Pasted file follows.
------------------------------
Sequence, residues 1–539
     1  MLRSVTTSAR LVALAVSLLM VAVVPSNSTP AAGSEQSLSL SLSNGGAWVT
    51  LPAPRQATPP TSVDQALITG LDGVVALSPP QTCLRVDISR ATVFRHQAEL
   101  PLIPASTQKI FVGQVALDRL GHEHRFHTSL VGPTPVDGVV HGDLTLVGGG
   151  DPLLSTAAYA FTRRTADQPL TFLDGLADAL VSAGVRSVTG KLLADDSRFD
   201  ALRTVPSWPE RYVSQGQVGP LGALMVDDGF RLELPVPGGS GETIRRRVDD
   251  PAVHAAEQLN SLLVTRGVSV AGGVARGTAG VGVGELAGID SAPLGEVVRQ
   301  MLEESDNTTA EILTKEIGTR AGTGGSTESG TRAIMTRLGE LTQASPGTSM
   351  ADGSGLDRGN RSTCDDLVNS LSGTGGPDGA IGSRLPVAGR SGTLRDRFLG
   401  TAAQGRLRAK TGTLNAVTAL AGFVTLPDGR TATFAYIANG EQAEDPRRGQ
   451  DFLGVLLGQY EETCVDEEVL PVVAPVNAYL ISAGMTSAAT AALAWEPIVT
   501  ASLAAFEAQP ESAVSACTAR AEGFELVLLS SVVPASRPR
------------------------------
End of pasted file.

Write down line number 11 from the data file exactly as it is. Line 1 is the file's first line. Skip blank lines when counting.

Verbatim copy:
   451  DFLGVLLGQY EETCVDEEVL PVVAPVNAYL ISAGMTSAAT AALAWEPIVT